Trading cards and anime episodes aside, the Pokémon series is known for a long-lasting line of handheld RPGs. You've almost certainly played one or two of them — and we suspect that quite a few of you are already getting into Pokémon Black & White 2 — most likely followed by an obsessed state of tracking down that one Pokémon you absolutely had to catch no matter the cost. These adventures are sprawling and filled to the brim with colourful places to go and people to meet, but the dream of reaching beyond the 2D sprites never really goes away.
When Pokémon Snap landed on Nintendo 64 in 1999, the perspective changed. No longer tied to a Delibird's eye view, players were plopped into a first-person land of polygons. Thirteen years later we come to recent 2012 release Pokémon Dream Radar, a 3DS app that populates real-life surroundings with Pokémon courtesy of augmented reality. Conceptually similar, both titles invite us to explore new dimensions and fulfil that dream of hobnobbing with pocket monsters, but they take radically different — even opposite — approaches. Pokémon Snap transports us to the world of Pokémon; Dream Radar brings the Pokémon to us.
Two members of the Nintendo Life team give their own perspectives on the successes and failures of each title, why these games mattered to them as fans and what could come next.
Video games were a rarity in my house growing up, so I devoured the Pokémon Snap strategy guide before ever touching the Nintendo 64 cartridge. It was another way into a world that thoroughly captured my nine-year-old imagination, just like my ever-growing Pokémon card collection and borrowed Game Boy adventures. If your childhood ever included hurling a plastic Pokéball will all your might, hoping against hope that this will be the time a Bulbasaur pops out, you know what a tragic result empty space and a broken hinge can be.
When I finally clicked Pokémon Snap into the console, that Bulbasaur wasn't a paper-based image or a 2D sprite; it waddled around in 3D space and made wonderful Bulbasaur noises. My job wasn't to capture it for battle, but to nab photos of the mythical beast in its natural habitat. As the Zero-One buggy trundled along its set path, Pokémon of all sorts surrounded me from every angle, all of them behaving precisely like I had imaged. Doduo bounded from the underbrush with lanky strides, Psyducks waded through rivers in nervous circles, and Electrodes exploded because there was nothing better to do. The world was alive with the hustle and bustle of Pokémon.
The first-person perspective put me at eye level with these creatures, giving me a front row seat to watch and listen. The lack of direct control wasn't frustrating thanks to host of secrets just waiting to be unearthed, creating an aura of mystery in every level. Something new was always going on just outside my field of vision, often disappearing behind a ridge as I spotted another curiosity. Evolving a Charmeleon with run-of-mill experience points is one thing; discovering how to trip it into a volcano and observing as it bursts through the lava in roaring Charizard form? That's something else.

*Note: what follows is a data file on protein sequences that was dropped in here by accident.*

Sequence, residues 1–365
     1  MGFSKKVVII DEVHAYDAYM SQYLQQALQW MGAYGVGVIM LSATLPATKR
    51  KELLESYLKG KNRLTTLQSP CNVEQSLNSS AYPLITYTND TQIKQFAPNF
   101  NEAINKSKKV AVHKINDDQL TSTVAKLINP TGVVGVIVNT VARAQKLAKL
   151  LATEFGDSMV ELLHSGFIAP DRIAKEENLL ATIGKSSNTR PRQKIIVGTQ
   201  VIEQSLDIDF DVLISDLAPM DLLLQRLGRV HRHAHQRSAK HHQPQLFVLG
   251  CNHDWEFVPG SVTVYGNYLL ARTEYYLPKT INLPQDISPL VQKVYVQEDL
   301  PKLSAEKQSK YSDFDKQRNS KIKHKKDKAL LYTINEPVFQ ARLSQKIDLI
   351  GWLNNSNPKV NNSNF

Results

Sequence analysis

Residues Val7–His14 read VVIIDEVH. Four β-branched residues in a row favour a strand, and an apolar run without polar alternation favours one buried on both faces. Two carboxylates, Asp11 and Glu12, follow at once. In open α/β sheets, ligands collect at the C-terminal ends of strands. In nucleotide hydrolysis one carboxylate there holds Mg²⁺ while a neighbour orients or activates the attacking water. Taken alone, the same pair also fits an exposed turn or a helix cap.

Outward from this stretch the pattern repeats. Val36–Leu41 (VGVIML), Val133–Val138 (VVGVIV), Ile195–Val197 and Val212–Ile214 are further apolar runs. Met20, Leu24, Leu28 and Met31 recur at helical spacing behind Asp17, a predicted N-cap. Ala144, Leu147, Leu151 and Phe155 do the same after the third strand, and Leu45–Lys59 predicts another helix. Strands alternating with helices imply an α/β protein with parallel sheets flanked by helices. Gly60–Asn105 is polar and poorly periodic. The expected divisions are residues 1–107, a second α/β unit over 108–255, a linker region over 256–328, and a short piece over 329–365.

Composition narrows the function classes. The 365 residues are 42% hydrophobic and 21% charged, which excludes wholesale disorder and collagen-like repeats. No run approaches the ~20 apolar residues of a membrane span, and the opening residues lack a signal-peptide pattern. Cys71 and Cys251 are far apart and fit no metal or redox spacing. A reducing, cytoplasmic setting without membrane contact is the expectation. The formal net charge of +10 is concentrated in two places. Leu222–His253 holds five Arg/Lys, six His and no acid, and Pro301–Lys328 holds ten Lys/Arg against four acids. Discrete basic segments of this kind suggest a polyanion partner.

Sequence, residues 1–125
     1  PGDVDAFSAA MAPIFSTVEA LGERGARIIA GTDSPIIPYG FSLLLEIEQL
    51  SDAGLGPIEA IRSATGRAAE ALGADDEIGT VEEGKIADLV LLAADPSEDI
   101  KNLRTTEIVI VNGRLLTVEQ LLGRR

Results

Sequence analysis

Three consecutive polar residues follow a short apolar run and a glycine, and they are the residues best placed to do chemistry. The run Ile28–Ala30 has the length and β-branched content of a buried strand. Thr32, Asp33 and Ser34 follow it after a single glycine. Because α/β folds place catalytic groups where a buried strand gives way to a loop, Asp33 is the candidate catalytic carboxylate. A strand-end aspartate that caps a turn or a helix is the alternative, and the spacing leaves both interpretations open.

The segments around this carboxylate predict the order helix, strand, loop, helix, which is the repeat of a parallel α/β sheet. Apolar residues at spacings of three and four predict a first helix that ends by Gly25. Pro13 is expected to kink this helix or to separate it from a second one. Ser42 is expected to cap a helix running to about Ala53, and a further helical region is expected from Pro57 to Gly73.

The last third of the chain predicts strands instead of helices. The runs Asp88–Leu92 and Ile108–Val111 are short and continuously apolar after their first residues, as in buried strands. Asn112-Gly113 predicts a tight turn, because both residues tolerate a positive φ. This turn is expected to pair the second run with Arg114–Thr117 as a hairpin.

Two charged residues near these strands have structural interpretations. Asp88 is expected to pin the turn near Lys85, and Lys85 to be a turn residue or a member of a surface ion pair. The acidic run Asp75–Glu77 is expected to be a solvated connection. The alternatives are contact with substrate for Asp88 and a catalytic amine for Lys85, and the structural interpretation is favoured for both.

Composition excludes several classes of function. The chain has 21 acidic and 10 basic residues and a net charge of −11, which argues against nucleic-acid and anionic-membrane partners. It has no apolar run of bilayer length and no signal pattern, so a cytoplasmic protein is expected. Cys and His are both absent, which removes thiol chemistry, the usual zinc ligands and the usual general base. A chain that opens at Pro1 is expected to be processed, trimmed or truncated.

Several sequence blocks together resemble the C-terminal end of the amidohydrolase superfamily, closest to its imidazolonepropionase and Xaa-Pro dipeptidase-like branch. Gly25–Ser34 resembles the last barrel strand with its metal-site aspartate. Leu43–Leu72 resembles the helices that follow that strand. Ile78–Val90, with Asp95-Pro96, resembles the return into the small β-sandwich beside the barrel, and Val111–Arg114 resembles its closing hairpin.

In the same vein as Super Mario 64 and The Legend of Zelda: Ocarina of Time, Pokémon Snap was a chance to explore a familiar universe in a brand new dimension: the third one. It was criminally short and totally unrepresentative of the mainstay RPGs, but it captured that mystifying world of Pokémon like no other game has since. Seeing as there still aren't any Bulbasaurs living inside the old plastic Pokéball (believe me, I've checked), this is a pretty cool substitute for living the dream.
While Pokémon Snap was a breathtaking experience that gave us a first-person glimpse into a world where wild Pokémon ran free, the newly released Pokémon Dream Radar for the 3DS system captures none of that whimsy. The selection of Pokémon that can appear is woefully small; it's literally a third of Snap's population.
Rather than taking you into exotic locales with Pocket Monsters running around every which way, Dream Radar instead fills your living room with clouds, some of which contain a glowing orb that only turns into a Pokémon once you've captured it. Dream Radar has the added benefit of allowing you to transfer captured monsters into Black 2 and White 2, the experience as presented is sorely lacking in charm. It's a fun diversion but it's not nearly as good as it should have been.
Dream Radar should have been a way to show what the Pokémon series can do with the technological arsenal of 3DS. What we got instead was a $2.99 version of software that comes free on every 3DS system. While it's not terrible, and it pairs nicely with Black 2 and White 2, it just feels very phoned in and not at all indicative of the imagination and care that usually goes into the franchise.
There's still hope, however; from almost the precise moment that the capabilities of the Wii U's GamePad were shown off for the first time the cries for a new Pokémon Snap began to echo throughout the internet. If Nintendo chooses to go that route, the hypothetical new game could not only bring the excitement of Pokémon Snap to a new generation, but also bring Pokémon into our world the way Dream Radar couldn't.
Despite hitting similar notes, these two games struck entirely different chords for us, but what do you think? Does augmented reality have a lasting potential for the franchise, or should Nintendo throw its money at a new Pokémon Snap on Wii U? Let us know in the comments below.